Procreate isn’t just a great drawing app that’s fun to play around with as an artist. It’s actually a great tool for making money. Artists have an amazing opportunity to sell their Procreate art and actually make a decent income from it.
I’m a big believer in diversifying income. You never know when one income stream will take a hit and need to be supported by another. All of the options on this list are a FANTASTIC way to make money with your Procreate art, but don’t rely solely on any one of them.
If you’re simply looking for a little extra spending money that doesn’t need to contribute to your living expenses, sure, just try one or two of the options on this list that appeal to you. However, if you have dreams of making a full-time living from your Procreate art, you’ll want to diversify your efforts and build multiple streams of income.
1. Redbubble, Merch by Amazon, TeePublic, and More
The most passive way to sell Procreate art is through royalty-based print on demand companies. Artists simply upload their designs to each platform, with no expectations to handle inventory, production, or customer service. Generally, profits tend to be lower with this selling method.
The reason why these print on demand platforms are first on my list of how to sell your Procreate art is because any artist who neglects them is missing a HUGE opportunity. Here’s why.
Firstly, these platforms are a great way for artists to dip their toes in the waters of selling art.
All of these platforms are royalty-based. When an order comes in, the company will handle everything, from producing the product, to shipping it, and handling any customer service issues that arise.
There’s no need for you to do anything. Many times, your customer won’t even have a way of contacting you if they would want to. It’s very hands off.
You’ll get a royalty payment, which will vary in the amount depending on what type of product you sell.
Secondly, these platforms are a great way for artists to bring in some extra money without having to take away a lot of time from their own work.
Simply make it a routine to upload each of your designs whenever you finish them, which will only take a few minutes per design.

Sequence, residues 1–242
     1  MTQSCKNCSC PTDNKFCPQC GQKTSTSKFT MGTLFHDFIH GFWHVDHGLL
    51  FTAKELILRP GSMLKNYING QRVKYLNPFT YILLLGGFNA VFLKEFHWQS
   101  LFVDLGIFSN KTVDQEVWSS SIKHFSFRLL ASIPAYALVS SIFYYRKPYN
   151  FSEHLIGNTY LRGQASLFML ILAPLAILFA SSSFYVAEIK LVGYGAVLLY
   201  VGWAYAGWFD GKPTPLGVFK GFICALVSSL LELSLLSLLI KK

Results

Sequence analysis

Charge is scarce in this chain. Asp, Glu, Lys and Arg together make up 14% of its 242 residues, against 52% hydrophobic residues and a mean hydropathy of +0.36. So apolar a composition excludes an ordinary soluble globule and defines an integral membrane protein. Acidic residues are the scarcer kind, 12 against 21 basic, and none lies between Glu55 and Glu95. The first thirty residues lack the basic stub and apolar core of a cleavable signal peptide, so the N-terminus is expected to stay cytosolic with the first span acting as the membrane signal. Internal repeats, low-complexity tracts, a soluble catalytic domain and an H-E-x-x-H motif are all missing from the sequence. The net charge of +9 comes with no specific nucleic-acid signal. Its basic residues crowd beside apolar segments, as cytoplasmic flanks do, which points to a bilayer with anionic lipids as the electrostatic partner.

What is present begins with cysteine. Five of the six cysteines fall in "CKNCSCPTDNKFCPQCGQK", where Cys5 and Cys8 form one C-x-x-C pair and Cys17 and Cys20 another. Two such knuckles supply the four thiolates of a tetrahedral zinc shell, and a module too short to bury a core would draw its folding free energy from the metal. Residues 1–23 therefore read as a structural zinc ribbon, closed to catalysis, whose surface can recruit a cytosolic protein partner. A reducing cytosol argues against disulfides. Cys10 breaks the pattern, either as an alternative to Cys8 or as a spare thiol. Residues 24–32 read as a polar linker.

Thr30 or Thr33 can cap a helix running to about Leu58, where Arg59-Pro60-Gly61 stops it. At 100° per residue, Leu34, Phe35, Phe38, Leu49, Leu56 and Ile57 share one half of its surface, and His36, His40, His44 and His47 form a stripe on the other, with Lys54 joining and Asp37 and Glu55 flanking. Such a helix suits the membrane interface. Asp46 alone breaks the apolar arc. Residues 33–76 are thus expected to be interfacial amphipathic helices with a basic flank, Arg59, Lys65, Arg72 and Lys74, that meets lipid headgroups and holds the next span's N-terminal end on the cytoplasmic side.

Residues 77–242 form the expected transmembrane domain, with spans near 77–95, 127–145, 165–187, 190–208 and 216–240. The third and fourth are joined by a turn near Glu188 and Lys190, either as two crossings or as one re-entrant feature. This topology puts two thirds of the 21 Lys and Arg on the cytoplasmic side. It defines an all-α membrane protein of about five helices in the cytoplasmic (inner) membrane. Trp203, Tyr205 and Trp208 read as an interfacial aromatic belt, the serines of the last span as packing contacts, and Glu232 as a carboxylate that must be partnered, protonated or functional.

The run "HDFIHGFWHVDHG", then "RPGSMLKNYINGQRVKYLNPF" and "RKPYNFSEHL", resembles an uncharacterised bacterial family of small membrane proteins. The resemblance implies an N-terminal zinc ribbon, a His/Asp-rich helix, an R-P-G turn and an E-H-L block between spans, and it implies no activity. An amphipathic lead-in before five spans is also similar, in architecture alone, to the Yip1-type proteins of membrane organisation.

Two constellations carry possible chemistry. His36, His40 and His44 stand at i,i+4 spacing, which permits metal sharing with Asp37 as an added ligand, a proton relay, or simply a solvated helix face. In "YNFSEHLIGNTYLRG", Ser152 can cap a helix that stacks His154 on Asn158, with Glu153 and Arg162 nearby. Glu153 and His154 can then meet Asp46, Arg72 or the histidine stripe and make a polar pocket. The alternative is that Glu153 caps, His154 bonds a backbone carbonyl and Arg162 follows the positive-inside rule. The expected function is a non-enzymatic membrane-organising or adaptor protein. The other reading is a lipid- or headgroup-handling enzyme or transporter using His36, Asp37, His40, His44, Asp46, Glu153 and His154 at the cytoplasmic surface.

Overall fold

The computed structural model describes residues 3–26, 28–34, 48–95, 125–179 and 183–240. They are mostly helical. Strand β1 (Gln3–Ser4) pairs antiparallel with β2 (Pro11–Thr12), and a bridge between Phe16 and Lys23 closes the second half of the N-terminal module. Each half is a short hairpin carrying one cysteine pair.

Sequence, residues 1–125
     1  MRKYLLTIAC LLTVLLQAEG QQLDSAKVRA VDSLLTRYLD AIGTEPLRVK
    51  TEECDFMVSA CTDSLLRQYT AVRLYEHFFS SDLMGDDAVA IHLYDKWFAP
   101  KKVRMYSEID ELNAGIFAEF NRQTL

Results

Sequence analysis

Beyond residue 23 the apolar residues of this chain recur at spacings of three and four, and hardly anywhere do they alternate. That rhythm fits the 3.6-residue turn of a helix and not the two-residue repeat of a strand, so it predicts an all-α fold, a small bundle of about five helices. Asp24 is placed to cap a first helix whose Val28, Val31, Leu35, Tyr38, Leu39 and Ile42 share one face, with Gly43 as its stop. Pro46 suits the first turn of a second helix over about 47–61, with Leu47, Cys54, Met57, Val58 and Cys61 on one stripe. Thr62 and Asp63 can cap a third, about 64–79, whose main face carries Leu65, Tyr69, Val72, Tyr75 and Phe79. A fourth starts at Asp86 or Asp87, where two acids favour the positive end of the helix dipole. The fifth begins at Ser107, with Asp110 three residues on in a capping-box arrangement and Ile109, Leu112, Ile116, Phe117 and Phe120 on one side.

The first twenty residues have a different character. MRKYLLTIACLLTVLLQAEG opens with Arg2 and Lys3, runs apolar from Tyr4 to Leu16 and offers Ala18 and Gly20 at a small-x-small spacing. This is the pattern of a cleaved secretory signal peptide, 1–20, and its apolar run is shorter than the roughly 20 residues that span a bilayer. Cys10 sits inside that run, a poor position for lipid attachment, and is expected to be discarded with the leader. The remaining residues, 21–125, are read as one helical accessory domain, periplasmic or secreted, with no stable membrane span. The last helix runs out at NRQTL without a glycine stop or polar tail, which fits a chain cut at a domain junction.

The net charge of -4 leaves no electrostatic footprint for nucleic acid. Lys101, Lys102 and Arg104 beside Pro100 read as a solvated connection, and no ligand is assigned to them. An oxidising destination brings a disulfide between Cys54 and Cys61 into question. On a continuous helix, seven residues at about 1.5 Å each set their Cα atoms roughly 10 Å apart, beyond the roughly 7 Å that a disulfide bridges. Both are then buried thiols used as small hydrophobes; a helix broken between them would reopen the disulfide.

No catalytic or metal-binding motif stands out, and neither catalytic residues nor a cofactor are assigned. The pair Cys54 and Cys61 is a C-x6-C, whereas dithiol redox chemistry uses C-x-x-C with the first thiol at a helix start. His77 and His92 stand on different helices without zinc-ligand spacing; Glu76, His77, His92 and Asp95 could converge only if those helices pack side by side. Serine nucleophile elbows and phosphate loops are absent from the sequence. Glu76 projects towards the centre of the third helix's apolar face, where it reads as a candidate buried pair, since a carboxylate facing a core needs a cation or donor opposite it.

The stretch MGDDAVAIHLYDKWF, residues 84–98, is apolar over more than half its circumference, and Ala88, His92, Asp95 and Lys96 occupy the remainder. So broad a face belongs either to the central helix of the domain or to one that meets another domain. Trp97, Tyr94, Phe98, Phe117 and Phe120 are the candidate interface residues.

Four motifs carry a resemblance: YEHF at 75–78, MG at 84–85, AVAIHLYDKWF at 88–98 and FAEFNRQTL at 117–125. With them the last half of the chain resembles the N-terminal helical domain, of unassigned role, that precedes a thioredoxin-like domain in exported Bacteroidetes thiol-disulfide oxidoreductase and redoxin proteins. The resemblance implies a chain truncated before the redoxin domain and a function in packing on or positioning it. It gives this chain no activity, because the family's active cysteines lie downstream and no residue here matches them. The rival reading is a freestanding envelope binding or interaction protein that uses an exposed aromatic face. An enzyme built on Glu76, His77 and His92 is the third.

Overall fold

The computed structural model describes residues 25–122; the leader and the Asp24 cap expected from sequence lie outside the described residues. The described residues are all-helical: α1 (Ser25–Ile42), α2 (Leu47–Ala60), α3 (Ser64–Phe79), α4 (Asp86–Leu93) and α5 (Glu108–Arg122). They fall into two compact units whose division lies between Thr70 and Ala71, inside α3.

One of the biggest hurdles to selling art is switching from an artistic mindset to a business mindset. I don’t know about you, but I like creating art more than I like dealing with customer service. These platforms take that business burden off of you, giving you more time to stay immersed in Procreate.
Thirdly, you can sell your art on a LOT of products at once with royalty-based platforms.
Many of these royalty-based platforms let you upload your design to a lot of great products at once. Merch by Amazon has been expanding beyond t-shirts in the recent years, and Zazzle has almost any product imaginable.
Redbubble has one of my favorite selections of products, including mugs, shower curtains, puzzles, bags, all types of apparel, and more.
These platforms are probably sounding too good to be true, right? Well, everything has its downsides. That’s why there are 4 more selling options listed below. So, what are the biggest downsides of these platforms? Profit and control.
Your profit may not be as high with royalty-based platforms as with other selling options.
It’s FANTASTIC that these royalty-based print on demand platforms give you a quick way to upload your Procreate art and watch the money come in without having to deal with any of the business hassle.
That comes at a price though.
In general, your royalties per sale will likely be lower than what you could get by running your own store on Etsy or Shopify. I see this as the price I pay for having the platforms handle everything relating to each customer’s order.
In order to be successful with these platforms, it’s important to upload a large volume of art and make sure that you use titles, tags, and descriptions that are SEO optimized.
It’s hard to build a brand with royalty-based platforms.
When you sell your work with these platforms, it’s hard to build up your own following and brand. For example, when you sell a shirt on Amazon, customers will associate that with Amazon, not with you.
While Redbubble and TeePublic will allow you to create a branded storefront, you won’t be able to interact with your customers in a way that leads to strong brand awareness.